[NOTE: This is a lightly-edited repeat of a post of mine that was first published in 2008.]
This Atlantic article by Nicholas Carr is a recommended read, about the reported loss of concentration and patience for absorbing longer works that he believes comes from too much internet Googling.
I was especially intrigued by an anecdote from the article about how the medium by which a person writes, rather than reads, can change an author’s style. Carr relates how Nietzsche’s work underwent a transformation as a result of the typewriter:
Sometime in 1882, Friedrich Nietzsche bought a typewriter—a Malling-Hansen Writing Ball, to be precise. His vision was failing, and keeping his eyes focused on a page had become exhausting and painful, often bringing on crushing headaches. He had been forced to curtail his writing, and he feared that he would soon have to give it up. The typewriter rescued him, at least for a time….One of Nietzsche’s friends, a composer, noticed a change in the style of his writing. His already terse prose had become even tighter, more telegraphic. “Perhaps you will through this instrument even take to a new idiom,” the friend wrote in a letter, noting that, in his own work, his “‘thoughts’ in music and language often depend on the quality of pen and paper.”
You are right,” Nietzsche replied, “our writing equipment takes part in the forming of our thoughts.”
I’m with Nietzsche on that one. Before the word processor and then the computer, I used to compose all my papers in longhand and correct them the same way, with many crossouts and additions. Once I was satisfied (or a few hours before the paper was due, whichever came first) I’d type it on my Smith-Corona, using whiteout or erasable typing paper to correct the inevitable typos. It felt like a laborious process, and it often was; I’m not the greatest typist, and Spellcheck was hardly a gleam in anyone’s eye.
So when the instantly correctable word processor and then the computer became readily available, it seemed almost miraculous. How wonderful to watch the lines jump into place when a word was removed, magically and seamlessly closing the gap.
But I noticed that my writing was changing in some subtle fashion. It was difficult to be as imaginative as before; the thoughts seemed more stilted, although the words themselves flowed onto the page far more efficiently.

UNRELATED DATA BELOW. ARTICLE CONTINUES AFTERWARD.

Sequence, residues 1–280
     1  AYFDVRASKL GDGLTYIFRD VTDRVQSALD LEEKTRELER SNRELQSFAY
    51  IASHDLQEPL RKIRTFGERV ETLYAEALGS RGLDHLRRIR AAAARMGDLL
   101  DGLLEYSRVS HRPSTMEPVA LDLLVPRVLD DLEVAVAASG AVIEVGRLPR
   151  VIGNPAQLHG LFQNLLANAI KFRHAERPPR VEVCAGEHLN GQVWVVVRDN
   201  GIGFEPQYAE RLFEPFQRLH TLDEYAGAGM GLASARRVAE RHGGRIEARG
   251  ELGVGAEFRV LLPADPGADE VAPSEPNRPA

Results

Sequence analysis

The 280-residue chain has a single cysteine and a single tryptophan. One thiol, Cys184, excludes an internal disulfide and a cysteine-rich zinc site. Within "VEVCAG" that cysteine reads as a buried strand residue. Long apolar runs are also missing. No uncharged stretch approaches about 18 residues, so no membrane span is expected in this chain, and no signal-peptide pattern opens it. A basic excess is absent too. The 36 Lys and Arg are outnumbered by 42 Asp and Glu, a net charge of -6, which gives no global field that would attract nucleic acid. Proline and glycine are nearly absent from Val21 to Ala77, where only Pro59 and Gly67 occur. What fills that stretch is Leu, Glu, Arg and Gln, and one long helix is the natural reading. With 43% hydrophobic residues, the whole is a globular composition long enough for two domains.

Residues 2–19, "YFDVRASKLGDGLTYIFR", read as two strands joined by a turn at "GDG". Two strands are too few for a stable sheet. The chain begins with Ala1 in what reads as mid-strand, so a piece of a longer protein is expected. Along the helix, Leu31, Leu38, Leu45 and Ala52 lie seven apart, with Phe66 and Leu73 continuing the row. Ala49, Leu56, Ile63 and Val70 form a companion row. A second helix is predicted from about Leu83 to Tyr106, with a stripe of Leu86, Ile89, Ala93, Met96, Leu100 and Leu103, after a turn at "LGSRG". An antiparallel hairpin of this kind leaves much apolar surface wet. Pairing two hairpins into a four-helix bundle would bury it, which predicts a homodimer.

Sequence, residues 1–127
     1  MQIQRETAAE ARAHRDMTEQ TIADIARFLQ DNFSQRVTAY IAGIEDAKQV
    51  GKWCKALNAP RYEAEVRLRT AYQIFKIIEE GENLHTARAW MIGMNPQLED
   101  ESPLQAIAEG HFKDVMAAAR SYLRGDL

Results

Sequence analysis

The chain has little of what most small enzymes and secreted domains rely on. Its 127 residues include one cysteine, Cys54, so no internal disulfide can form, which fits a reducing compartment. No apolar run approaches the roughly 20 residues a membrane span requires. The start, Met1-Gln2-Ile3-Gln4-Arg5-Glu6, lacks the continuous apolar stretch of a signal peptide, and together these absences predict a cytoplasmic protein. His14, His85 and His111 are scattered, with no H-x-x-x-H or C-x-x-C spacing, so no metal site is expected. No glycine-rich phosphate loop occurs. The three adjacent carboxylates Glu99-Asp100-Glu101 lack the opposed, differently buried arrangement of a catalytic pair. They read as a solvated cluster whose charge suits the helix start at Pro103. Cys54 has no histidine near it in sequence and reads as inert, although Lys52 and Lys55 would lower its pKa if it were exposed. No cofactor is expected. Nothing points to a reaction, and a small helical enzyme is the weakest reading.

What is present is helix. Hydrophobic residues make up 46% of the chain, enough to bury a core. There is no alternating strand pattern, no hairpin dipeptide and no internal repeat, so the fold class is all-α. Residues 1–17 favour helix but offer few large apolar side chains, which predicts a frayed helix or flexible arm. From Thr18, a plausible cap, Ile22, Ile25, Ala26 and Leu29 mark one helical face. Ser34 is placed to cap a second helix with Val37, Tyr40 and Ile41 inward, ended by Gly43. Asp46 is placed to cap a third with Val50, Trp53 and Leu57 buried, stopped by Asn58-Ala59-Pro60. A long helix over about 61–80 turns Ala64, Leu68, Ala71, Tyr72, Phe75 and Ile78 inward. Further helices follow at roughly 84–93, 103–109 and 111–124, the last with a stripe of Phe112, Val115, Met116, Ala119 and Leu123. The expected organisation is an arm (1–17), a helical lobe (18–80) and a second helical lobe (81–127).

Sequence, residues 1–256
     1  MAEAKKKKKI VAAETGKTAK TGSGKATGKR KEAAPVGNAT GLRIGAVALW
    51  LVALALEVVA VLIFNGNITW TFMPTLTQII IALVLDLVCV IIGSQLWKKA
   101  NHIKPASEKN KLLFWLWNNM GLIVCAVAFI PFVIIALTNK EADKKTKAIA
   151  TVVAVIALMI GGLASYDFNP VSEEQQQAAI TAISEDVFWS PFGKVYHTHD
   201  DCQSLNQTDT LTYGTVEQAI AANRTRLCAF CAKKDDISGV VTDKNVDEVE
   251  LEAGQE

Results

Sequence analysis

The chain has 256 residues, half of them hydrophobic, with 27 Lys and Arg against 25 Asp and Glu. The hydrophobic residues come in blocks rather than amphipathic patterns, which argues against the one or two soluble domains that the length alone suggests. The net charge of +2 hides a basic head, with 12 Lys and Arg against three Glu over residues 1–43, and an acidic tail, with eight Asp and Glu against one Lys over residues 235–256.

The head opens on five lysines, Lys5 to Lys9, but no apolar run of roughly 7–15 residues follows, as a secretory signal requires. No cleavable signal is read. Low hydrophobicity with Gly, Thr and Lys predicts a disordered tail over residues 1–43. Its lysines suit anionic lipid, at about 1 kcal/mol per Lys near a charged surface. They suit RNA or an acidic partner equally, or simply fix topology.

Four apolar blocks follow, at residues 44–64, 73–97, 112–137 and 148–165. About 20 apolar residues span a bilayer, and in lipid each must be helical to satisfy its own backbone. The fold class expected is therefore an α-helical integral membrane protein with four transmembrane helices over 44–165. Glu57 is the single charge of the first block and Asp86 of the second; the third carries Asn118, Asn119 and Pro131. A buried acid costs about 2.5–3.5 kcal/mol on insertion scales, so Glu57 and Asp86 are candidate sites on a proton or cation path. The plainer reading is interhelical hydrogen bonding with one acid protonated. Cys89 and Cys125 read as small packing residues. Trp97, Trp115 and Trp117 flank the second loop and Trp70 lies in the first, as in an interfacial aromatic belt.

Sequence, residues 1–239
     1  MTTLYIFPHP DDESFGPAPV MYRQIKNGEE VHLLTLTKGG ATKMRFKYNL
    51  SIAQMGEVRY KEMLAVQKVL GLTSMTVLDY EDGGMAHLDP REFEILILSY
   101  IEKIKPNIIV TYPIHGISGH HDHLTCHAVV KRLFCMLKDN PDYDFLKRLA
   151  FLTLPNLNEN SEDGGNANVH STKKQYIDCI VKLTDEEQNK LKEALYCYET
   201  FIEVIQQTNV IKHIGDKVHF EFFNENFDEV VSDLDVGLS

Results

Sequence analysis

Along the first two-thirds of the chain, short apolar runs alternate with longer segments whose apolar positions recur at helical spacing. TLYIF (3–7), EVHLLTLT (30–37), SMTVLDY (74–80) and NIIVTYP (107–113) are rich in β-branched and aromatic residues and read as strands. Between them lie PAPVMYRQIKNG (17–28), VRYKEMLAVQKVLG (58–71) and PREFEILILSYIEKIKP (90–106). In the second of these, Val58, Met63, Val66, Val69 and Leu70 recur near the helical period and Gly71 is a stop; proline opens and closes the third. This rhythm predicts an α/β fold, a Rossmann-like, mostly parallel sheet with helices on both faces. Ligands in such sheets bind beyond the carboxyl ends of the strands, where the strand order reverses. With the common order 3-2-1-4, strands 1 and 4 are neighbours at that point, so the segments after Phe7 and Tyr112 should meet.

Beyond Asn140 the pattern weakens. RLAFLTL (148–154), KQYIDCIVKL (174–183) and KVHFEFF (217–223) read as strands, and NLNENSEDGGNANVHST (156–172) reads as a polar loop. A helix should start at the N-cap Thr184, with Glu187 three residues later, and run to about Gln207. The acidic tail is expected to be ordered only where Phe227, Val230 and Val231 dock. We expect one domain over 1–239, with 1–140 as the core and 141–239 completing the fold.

But I found to my dismay that I simply could not write poetry that way, although I could edit my poems. I had to write poetry longhand. Not that much of a hardship, really, since poems tend to be relatively short.
It seemed that there was an actual physical difference in the way the hand accessed the brain and the creative juices depending on whether that hand was writing or typing. Why this should be so I do not know, but it has persisted. To this day, I write poetry only by hand, although humorous verse (like my song parodies on this blog) can easily be accomplished on the computer.
I’m not alone in my assertion that writing by hand is a very different animal than typing, and a much more emotional animal at that. Here are some of the thoughts of others on the matter, very similar to my own experience (the passage is from Daniel Chandler’s “The Phenomenology of Writing by Hand”):
Many writers have alluded to the importance of handwriting in their thinking and writing….Fay Weldon declared: ‘I choose to believe that there is some kind of mystic connection between the brain and the actual act of writing in longhand’ (Hammond, 1984). And Graham Greene commented that ‘Some authors type their works, but I cannot do that. Writing is tied up with the hand, almost with a special nerve’ (Hammond, 1984). The anthropologist Jack Goody (1987) wrote that ‘Nothing surpasses pen and paper as being “good to think with”‘. And Rebecca West reported that she used a pencil ‘When anything important has to be written… I think your hand concentrates for you.’…John Barth favours the fountain pen, commenting that: ‘there’s something about the muscular movement of putting down script on the paper that gets [the] imagination back in the track where it was’ (Plimpton, 1987).
And they say it so much better than I have. But that’s because I’m not writing this by hand.